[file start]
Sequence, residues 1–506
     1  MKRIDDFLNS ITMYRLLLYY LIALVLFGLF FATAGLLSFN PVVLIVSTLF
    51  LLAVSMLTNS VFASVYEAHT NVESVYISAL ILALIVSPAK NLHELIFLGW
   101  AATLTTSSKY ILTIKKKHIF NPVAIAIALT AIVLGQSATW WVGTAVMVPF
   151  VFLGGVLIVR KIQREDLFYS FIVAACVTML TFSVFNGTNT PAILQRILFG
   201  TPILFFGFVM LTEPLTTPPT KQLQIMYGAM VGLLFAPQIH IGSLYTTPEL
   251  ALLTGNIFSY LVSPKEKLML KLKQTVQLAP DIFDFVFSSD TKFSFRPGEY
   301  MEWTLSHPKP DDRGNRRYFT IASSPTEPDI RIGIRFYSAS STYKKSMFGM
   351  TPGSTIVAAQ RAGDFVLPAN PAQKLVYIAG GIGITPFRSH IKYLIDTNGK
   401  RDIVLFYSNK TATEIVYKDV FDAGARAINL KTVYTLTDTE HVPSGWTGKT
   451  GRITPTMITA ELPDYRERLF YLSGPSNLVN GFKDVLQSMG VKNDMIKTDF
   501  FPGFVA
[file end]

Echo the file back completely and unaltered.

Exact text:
Sequence, residues 1–506
     1  MKRIDDFLNS ITMYRLLLYY LIALVLFGLF FATAGLLSFN PVVLIVSTLF
    51  LLAVSMLTNS VFASVYEAHT NVESVYISAL ILALIVSPAK NLHELIFLGW
   101  AATLTTSSKY ILTIKKKHIF NPVAIAIALT AIVLGQSATW WVGTAVMVPF
   151  VFLGGVLIVR KIQREDLFYS FIVAACVTML TFSVFNGTNT PAILQRILFG
   201  TPILFFGFVM LTEPLTTPPT KQLQIMYGAM VGLLFAPQIH IGSLYTTPEL
   251  ALLTGNIFSY LVSPKEKLML KLKQTVQLAP DIFDFVFSSD TKFSFRPGEY
   301  MEWTLSHPKP DDRGNRRYFT IASSPTEPDI RIGIRFYSAS STYKKSMFGM
   351  TPGSTIVAAQ RAGDFVLPAN PAQKLVYIAG GIGITPFRSH IKYLIDTNGK
   401  RDIVLFYSNK TATEIVYKDV FDAGARAINL KTVYTLTDTE HVPSGWTGKT
   451  GRITPTMITA ELPDYRERLF YLSGPSNLVN GFKDVLQSMG VKNDMIKTDF
   501  FPGFVA